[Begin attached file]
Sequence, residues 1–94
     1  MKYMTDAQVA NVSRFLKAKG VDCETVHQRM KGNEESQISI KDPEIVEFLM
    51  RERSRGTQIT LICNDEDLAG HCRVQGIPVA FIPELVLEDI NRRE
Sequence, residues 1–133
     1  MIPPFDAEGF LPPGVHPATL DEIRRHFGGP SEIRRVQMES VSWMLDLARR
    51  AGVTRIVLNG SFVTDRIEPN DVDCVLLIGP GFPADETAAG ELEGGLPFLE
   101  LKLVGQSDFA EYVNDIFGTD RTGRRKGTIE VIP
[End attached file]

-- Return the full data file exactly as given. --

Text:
Sequence, residues 1–94
     1  MKYMTDAQVA NVSRFLKAKG VDCETVHQRM KGNEESQISI KDPEIVEFLM
    51  RERSRGTQIT LICNDEDLAG HCRVQGIPVA FIPELVLEDI NRRE
Sequence, residues 1–133
     1  MIPPFDAEGF LPPGVHPATL DEIRRHFGGP SEIRRVQMES VSWMLDLARR
    51  AGVTRIVLNG SFVTDRIEPN DVDCVLLIGP GFPADETAAG ELEGGLPFLE
   101  LKLVGQSDFA EYVNDIFGTD RTGRRKGTIE VIP